So far, projects and designs aiming to deal with the refugee crisis are proliferating. The multidimensionality of displacement inspired creative people and minds from all sectors: Not only architects and planners, but also artists, IT programmers and startup developers. My only concern is that many of these proposed projects and designs promise to “solving the refugee problem”. Some tend to romanticize refugees and treat them as “exotic” objects, while others look at them as “problems” to be fixed. However, apparently, these groups develop projects that resonate to the “humanitarian” crisis which is both financial and functional. Therefore, the proposed designs have actually very little to do with refugees and their lifestyle, desires and needs. Instead they are developed in the intention of covering up the dysfunctionality and shortcomings of the humanitarian system, and by that, they appeal to donors as projects “worth” funding.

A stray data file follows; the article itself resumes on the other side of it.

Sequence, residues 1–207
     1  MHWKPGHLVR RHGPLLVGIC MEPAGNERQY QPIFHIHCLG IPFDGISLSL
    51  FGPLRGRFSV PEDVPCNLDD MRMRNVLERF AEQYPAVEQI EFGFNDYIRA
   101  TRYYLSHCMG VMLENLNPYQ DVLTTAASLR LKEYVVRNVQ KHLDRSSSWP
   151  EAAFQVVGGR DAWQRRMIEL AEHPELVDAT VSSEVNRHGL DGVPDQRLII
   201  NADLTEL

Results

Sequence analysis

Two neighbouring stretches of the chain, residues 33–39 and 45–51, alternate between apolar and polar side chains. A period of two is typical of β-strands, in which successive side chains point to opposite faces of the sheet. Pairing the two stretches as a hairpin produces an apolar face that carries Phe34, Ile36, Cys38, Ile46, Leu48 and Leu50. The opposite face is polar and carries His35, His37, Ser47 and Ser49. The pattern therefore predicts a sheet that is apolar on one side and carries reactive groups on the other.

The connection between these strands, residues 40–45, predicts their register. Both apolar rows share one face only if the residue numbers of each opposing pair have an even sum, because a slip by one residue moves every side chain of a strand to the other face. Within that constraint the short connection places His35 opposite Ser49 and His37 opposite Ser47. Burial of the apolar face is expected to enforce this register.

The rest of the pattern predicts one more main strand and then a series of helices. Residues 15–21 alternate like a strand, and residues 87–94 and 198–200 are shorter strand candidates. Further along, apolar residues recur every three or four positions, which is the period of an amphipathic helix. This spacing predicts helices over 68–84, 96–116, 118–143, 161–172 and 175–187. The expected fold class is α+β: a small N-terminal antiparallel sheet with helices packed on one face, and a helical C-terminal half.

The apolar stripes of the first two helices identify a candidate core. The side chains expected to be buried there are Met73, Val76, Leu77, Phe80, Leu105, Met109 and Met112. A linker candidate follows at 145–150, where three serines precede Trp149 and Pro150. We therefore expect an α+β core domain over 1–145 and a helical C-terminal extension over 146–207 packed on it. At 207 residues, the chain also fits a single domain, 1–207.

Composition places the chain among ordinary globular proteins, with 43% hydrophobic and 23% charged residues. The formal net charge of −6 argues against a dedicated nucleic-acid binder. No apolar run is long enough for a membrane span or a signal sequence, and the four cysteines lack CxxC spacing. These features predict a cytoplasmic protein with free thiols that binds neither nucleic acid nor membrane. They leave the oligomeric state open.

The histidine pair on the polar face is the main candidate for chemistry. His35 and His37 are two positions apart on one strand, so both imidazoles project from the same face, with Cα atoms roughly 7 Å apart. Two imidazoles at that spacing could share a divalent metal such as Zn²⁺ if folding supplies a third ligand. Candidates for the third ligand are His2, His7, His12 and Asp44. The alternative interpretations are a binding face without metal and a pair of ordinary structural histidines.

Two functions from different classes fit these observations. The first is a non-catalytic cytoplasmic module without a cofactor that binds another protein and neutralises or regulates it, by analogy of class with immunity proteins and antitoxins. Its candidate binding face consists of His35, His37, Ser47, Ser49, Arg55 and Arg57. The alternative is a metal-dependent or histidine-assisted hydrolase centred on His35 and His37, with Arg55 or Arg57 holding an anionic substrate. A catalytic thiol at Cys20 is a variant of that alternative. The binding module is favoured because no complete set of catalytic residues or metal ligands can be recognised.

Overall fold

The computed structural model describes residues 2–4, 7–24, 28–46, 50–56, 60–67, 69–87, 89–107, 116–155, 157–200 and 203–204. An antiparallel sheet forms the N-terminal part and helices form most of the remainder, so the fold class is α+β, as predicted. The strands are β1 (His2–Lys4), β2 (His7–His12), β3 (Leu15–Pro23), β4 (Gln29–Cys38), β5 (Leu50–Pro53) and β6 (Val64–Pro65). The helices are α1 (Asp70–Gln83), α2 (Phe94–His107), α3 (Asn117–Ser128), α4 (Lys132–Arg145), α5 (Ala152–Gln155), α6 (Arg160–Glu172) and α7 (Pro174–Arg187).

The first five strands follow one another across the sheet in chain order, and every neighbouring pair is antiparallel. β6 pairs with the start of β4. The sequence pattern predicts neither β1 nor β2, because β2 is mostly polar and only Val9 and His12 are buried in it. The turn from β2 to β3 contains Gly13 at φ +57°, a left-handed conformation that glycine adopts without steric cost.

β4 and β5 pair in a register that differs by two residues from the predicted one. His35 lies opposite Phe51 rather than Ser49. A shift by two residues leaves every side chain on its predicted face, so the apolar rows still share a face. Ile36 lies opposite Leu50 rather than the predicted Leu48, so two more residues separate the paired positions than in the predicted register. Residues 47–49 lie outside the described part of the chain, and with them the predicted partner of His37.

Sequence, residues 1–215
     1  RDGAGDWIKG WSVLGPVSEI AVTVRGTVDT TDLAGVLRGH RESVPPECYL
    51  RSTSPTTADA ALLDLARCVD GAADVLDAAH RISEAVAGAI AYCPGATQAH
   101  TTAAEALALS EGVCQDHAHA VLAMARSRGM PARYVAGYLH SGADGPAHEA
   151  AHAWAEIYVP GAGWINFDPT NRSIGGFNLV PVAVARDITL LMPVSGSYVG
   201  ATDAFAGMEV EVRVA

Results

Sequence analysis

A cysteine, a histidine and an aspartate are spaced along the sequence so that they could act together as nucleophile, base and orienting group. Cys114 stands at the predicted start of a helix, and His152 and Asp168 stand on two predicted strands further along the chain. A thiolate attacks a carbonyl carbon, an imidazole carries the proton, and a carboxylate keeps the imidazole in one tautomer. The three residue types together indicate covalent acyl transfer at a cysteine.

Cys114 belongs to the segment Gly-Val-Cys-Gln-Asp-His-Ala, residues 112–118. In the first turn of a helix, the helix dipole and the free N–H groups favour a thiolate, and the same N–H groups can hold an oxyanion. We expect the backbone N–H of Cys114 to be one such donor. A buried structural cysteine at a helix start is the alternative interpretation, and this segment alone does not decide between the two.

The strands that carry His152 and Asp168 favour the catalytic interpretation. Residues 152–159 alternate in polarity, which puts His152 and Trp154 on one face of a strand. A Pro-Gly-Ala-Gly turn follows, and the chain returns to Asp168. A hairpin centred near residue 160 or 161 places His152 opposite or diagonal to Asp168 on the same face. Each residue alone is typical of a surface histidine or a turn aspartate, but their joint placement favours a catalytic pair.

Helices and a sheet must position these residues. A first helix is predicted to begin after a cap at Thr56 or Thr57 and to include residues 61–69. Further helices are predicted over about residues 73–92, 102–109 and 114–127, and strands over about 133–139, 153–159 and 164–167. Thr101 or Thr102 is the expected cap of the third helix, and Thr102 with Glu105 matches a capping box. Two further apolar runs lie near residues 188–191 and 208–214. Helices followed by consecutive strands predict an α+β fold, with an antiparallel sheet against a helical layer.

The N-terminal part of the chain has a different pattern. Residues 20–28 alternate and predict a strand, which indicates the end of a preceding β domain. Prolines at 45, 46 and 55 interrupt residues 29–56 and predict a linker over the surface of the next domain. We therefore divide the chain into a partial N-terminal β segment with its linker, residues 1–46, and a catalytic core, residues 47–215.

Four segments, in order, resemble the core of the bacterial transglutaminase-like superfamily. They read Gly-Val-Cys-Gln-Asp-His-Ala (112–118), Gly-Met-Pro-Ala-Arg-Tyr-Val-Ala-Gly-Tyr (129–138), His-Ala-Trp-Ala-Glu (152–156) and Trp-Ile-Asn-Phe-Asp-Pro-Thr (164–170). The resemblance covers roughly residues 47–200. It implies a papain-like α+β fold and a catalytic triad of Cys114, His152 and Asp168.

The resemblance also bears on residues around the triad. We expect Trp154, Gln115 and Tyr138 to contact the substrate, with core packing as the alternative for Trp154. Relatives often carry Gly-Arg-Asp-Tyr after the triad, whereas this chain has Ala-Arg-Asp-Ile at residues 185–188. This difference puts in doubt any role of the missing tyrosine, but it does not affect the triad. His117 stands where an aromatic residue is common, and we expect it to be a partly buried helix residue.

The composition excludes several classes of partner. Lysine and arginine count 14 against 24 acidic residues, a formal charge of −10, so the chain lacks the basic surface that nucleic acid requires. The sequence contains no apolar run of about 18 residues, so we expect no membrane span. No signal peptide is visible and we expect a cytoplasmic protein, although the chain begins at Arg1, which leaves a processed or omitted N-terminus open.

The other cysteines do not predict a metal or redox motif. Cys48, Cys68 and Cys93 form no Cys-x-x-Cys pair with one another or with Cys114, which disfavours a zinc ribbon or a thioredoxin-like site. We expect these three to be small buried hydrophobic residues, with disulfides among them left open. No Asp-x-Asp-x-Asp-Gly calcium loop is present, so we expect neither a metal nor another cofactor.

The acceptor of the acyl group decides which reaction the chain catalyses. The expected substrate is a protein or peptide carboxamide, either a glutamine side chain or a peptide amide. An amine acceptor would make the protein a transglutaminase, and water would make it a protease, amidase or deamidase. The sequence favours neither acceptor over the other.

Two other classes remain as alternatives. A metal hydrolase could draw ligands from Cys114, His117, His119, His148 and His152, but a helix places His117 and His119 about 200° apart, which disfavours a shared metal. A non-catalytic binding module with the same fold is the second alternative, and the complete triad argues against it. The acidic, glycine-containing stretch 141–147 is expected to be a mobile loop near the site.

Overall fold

For that, a truthful engagement of architects and urbanists requires a paradigm shift towards advocacy in planning and design. This starts first by critically examining the variable components relating to displacement in each context. These usually include topics like citizenship, statehood, culture, international aid, identity and their politics. Afterwards, it is important to examine the spatial practices and coping mechanisms that refugees develop while they are creating “new” homes. These would most likely be “informal”. Acquiring this political awareness, and attempting to increase mutual benefits and to reduce risks and tensions between refugees and the other stakeholders, successful designs would seek to foster and achieve spatial equality. Unfortunately today, designers following this approach are not so many, but their numbers are silently growing. The whole refugee crisis is taking architecture and urban planning into new avenues, of increased flexibility, temporality, informality, hybridity and activism which is raising questions regarding the future of our cities and architectural profession as we know it today.